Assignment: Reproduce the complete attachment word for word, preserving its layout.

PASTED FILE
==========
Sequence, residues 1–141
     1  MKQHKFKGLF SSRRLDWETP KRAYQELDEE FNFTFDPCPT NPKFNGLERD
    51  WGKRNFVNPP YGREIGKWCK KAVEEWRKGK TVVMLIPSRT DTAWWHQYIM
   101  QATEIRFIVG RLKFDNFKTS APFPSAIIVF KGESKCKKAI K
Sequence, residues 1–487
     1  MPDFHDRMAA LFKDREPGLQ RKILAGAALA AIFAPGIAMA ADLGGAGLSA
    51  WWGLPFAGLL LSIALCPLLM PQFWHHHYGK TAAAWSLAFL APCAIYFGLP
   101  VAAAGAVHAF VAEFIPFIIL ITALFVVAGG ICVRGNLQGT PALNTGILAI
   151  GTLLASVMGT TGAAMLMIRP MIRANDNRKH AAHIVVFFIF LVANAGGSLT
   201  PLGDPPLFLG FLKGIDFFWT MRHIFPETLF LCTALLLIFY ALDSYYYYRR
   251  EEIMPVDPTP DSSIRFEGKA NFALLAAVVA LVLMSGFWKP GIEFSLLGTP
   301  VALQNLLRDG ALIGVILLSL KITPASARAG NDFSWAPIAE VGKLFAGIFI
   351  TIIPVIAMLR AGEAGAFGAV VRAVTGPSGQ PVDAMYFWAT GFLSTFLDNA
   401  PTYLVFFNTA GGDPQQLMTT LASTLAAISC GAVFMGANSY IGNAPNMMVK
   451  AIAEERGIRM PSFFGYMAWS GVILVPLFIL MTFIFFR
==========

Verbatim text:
Sequence, residues 1–141
     1  MKQHKFKGLF SSRRLDWETP KRAYQELDEE FNFTFDPCPT NPKFNGLERD
    51  WGKRNFVNPP YGREIGKWCK KAVEEWRKGK TVVMLIPSRT DTAWWHQYIM
   101  QATEIRFIVG RLKFDNFKTS APFPSAIIVF KGESKCKKAI K
Sequence, residues 1–487
     1  MPDFHDRMAA LFKDREPGLQ RKILAGAALA AIFAPGIAMA ADLGGAGLSA
    51  WWGLPFAGLL LSIALCPLLM PQFWHHHYGK TAAAWSLAFL APCAIYFGLP
   101  VAAAGAVHAF VAEFIPFIIL ITALFVVAGG ICVRGNLQGT PALNTGILAI
   151  GTLLASVMGT TGAAMLMIRP MIRANDNRKH AAHIVVFFIF LVANAGGSLT
   201  PLGDPPLFLG FLKGIDFFWT MRHIFPETLF LCTALLLIFY ALDSYYYYRR
   251  EEIMPVDPTP DSSIRFEGKA NFALLAAVVA LVLMSGFWKP GIEFSLLGTP
   301  VALQNLLRDG ALIGVILLSL KITPASARAG NDFSWAPIAE VGKLFAGIFI
   351  TIIPVIAMLR AGEAGAFGAV VRAVTGPSGQ PVDAMYFWAT GFLSTFLDNA
   401  PTYLVFFNTA GGDPQQLMTT LASTLAAISC GAVFMGANSY IGNAPNMMVK
   451  AIAEERGIRM PSFFGYMAWS GVILVPLFIL MTFIFFR